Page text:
An Airlie Beach man was caught with a small amount of child abuse images on his mobile phone.
An Airlie Beach man was caught with a small amount of child abuse images on his mobile phone.

Judge notes link between ice and ‘deviant sexual’ behaviour

A Mackay District Court judge has noted a possible link between ice use and deviant sexual behaviour as a man caught with child abuse material learned his fate.

Police found 12 unique images and nine duplicate child exploitation images on Dayle Ashley Thackray's phone during a search of his Airlie Beach home on June 15, 2019.

"You told police … you accessed this material, you thought when you were experiencing drug-induced psychosis," Judge Julie Dick said.

"And as I say there's some support for that from what I've seen in the last couple of months."

Mackay District Court heard the images were all category one, which is the least serious for that type of material.

Thackray pleaded guilty to possessing child exploitation material, which generally evokes an actual custodial sentence unless the court deems there to be exceptional circumstances.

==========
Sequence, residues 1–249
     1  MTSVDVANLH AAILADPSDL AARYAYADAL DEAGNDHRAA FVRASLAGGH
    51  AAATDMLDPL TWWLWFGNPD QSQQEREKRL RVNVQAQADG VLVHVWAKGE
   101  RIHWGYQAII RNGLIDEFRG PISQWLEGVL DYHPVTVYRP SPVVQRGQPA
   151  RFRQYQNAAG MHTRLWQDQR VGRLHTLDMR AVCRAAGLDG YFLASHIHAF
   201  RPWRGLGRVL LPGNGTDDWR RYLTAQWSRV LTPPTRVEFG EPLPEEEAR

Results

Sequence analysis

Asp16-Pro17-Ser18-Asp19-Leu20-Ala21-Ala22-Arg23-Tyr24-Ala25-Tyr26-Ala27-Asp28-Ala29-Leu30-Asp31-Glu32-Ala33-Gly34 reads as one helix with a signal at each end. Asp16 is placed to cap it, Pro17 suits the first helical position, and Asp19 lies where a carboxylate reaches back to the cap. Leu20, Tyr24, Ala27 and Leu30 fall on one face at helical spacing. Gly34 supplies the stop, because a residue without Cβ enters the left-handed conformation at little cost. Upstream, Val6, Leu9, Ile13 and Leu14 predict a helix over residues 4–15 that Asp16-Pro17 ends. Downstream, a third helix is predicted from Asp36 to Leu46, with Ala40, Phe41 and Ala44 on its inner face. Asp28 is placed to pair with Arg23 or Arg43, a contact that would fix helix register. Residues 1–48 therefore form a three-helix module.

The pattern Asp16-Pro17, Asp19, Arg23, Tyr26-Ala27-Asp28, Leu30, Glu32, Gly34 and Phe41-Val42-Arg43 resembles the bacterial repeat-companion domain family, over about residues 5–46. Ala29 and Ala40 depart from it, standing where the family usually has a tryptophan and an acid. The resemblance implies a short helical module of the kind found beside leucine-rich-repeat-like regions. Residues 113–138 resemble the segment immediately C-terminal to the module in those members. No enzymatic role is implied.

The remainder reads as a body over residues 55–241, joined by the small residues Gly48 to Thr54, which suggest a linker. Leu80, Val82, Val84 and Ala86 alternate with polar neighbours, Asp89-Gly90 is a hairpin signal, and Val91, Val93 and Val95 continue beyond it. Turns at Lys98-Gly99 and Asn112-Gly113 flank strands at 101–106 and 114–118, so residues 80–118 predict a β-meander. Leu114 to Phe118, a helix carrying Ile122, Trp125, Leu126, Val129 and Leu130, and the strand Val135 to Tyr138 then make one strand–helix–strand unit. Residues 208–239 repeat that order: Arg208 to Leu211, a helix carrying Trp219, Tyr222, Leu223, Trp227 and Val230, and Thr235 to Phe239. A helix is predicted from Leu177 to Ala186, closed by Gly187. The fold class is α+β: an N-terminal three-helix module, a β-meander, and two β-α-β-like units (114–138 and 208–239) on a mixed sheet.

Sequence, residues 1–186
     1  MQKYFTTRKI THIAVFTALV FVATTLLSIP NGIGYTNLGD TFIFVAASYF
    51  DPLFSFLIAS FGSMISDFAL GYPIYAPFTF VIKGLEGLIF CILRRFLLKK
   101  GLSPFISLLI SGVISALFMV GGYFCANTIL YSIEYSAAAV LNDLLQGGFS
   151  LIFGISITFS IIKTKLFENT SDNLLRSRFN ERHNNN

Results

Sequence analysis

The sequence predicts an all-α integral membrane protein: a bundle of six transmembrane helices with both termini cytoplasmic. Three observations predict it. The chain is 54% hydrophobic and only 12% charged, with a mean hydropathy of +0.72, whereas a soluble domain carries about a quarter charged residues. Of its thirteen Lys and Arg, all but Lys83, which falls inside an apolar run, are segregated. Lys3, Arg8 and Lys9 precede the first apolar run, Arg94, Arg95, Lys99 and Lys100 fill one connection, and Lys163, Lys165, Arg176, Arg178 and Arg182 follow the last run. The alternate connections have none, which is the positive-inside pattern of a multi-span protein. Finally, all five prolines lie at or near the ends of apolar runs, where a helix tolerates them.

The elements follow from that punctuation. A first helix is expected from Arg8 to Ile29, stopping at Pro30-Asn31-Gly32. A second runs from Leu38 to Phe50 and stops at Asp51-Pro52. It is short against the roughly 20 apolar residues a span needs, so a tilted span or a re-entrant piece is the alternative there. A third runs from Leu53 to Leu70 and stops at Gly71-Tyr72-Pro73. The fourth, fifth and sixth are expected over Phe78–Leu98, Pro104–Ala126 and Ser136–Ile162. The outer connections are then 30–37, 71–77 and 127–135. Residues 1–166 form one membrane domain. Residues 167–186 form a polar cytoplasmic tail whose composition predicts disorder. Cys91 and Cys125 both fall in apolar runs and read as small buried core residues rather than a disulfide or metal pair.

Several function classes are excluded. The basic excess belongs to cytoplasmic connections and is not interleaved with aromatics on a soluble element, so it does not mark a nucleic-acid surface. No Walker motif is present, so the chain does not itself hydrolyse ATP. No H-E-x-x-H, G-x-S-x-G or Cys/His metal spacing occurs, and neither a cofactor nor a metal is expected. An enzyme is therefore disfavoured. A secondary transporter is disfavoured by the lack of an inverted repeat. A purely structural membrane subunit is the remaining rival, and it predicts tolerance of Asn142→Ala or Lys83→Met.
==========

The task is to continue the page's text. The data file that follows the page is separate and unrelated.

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However Thackray was placed on two years' probation and a conviction was not recorded. He will, however, be a registered sex offender.

Defence barrister Stephen Byrne said his 49-year-old client relapsed into ice use following a relationship breakdown.

"He has completed extensive drug rehabilitation, which he considers the catalyst for his offending," Mr Byrne said.

Judge Dick noted a number of recent cases while sitting in Mackay District Court where there had been "a connection between ice and really quite deviant sexual behaviour".

"It's starting to occur to me that in some people it's a trigger for really strange sexual (behaviour)," Judge Dick said, before adding, "I'm not saying this man."

There was a unanimous consensus between the crown, defence and Judge Dick this case could be deemed "exceptional" when balanced against the small number of low level images, the man's good character and his significant steps towards rehabilitation.

The court heard he spent nine months and one week in a drug rehabilitation centre. 

Judge Dick also took into account his "prejudicial" upbringing marked with years of sexual abuse and that he was treated for depression by age 15.


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